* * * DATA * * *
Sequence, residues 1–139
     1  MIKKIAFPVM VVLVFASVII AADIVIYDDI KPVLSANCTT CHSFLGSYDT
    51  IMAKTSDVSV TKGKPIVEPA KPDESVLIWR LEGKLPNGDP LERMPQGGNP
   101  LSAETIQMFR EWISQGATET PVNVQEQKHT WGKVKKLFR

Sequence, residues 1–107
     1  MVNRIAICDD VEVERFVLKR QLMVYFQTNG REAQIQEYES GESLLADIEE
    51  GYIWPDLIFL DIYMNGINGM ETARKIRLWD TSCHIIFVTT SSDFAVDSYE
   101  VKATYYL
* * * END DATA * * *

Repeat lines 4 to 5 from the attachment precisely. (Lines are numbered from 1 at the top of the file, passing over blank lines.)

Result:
   101  LSAETIQMFR EWISQGATET PVNVQEQKHT WGKVKKLFR

Sequence, residues 1–107